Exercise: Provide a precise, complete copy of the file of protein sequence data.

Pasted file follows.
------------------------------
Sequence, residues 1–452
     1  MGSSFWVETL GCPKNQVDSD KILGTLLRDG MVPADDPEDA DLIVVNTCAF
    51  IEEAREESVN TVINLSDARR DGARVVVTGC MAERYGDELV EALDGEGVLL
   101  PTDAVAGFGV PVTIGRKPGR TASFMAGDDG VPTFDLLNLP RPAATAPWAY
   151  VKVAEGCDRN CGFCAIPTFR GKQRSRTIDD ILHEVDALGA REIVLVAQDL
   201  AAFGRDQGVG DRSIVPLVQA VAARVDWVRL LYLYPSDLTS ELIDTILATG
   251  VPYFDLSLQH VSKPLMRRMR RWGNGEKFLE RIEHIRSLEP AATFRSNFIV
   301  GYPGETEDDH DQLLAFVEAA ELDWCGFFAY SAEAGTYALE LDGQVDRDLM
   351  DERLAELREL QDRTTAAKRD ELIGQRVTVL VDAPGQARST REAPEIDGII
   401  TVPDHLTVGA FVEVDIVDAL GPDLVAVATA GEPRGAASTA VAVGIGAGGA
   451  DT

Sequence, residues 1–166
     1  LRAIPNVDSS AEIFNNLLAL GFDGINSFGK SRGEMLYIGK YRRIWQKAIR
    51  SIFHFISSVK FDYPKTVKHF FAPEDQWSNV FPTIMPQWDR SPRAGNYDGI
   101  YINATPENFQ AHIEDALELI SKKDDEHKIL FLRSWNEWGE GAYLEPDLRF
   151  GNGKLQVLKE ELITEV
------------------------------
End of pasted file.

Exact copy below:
Sequence, residues 1–452
     1  MGSSFWVETL GCPKNQVDSD KILGTLLRDG MVPADDPEDA DLIVVNTCAF
    51  IEEAREESVN TVINLSDARR DGARVVVTGC MAERYGDELV EALDGEGVLL
   101  PTDAVAGFGV PVTIGRKPGR TASFMAGDDG VPTFDLLNLP RPAATAPWAY
   151  VKVAEGCDRN CGFCAIPTFR GKQRSRTIDD ILHEVDALGA REIVLVAQDL
   201  AAFGRDQGVG DRSIVPLVQA VAARVDWVRL LYLYPSDLTS ELIDTILATG
   251  VPYFDLSLQH VSKPLMRRMR RWGNGEKFLE RIEHIRSLEP AATFRSNFIV
   301  GYPGETEDDH DQLLAFVEAA ELDWCGFFAY SAEAGTYALE LDGQVDRDLM
   351  DERLAELREL QDRTTAAKRD ELIGQRVTVL VDAPGQARST REAPEIDGII
   401  TVPDHLTVGA FVEVDIVDAL GPDLVAVATA GEPRGAASTA VAVGIGAGGA
   451  DT

Sequence, residues 1–166
     1  LRAIPNVDSS AEIFNNLLAL GFDGINSFGK SRGEMLYIGK YRRIWQKAIR
    51  SIFHFISSVK FDYPKTVKHF FAPEDQWSNV FPTIMPQWDR SPRAGNYDGI
   101  YINATPENFQ AHIEDALELI SKKDDEHKIL FLRSWNEWGE GAYLEPDLRF
   151  GNGKLQVLKE ELITEV